al Sunday School Standard.
H. Bendixen of Springfield, president
of the Brown County Ass'n. was placed
on the nominating committee at the
Worthington convention justly recog
nizing Brown county as high in the
attainments of the State Sunday School
movement in Minnesota. Dr. G. F.
Reineke of our city is one of the State
Board of Directors.
Making Democracy Safe
One of the themes discussed was:
"Big armies are engaged in making the
world safe for democracy, so the Sunday
School army must be trained to make
democracy safe for the world. When our
boys return home from the trenches
as victors and find the world a godless
world their victories have partly been in
vain. The Sunday School is an agency
to make democracy safe for the world.
"The person is not an educated person
who leaves religion out of his school
curriculum. .Ignorance is the enemy
of democracy and individualism weakens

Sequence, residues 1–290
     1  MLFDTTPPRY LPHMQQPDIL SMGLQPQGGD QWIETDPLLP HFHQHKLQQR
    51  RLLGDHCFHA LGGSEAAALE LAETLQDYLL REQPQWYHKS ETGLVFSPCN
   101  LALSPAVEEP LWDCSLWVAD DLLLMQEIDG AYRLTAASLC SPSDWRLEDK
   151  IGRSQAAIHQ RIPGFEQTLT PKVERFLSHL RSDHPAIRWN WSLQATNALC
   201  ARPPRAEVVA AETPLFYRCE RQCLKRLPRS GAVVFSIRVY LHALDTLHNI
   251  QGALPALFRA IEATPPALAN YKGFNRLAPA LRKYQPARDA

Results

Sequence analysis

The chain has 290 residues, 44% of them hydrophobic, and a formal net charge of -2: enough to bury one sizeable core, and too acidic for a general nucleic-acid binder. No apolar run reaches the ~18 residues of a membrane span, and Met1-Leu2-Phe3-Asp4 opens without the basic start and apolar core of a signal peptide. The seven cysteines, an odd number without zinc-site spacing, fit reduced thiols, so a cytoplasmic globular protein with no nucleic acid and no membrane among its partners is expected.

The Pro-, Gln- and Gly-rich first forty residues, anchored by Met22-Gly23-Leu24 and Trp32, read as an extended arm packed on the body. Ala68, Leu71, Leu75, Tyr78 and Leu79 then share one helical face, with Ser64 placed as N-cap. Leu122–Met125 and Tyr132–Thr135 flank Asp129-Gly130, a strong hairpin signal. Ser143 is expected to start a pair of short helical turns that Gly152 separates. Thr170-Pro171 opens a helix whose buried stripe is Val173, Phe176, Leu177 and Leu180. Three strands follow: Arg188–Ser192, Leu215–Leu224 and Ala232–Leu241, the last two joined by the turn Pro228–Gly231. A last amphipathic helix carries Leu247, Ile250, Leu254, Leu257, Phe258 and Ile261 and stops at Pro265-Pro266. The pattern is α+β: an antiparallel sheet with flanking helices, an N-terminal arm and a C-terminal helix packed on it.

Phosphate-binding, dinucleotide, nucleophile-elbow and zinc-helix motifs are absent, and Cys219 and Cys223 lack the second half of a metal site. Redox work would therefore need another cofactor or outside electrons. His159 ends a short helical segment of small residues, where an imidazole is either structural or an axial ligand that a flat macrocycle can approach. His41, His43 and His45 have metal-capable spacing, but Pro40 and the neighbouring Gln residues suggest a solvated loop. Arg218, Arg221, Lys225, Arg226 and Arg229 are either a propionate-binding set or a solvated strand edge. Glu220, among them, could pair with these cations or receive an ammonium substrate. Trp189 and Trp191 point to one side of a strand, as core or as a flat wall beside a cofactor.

democracy. We must act as a unit,
in one solid mass, in order to win this
war to make the world safe for dem
ocracy, likewise must all the people act
as one unit to make democracy safe for
the world.
"The greatest traitor is the man or
woman who lifts his finger against
our public school. Such should be
interned. Keep commercialism, politics
and religion out of our public schools,
and we will find that people of all creeds
will more largely patronize our public
"Trained leadership, trained teachers
is the imperative need in the Sunday
Schools just as it is in the public schools
and the commercial world. You cannot
saw wood with a hammer nor can you
train boys and girls in the Sunday School
in right living by unskilled teachers.
The life you live is the lesson you teach.
It is better to put ten men to work than
to do the work of ten men. We have a
fourfold life: A social life, a mental
life and a spiritual life. If any one of
the four elements is lacking our life is
not complete. Religious education of
the whole people is vital in making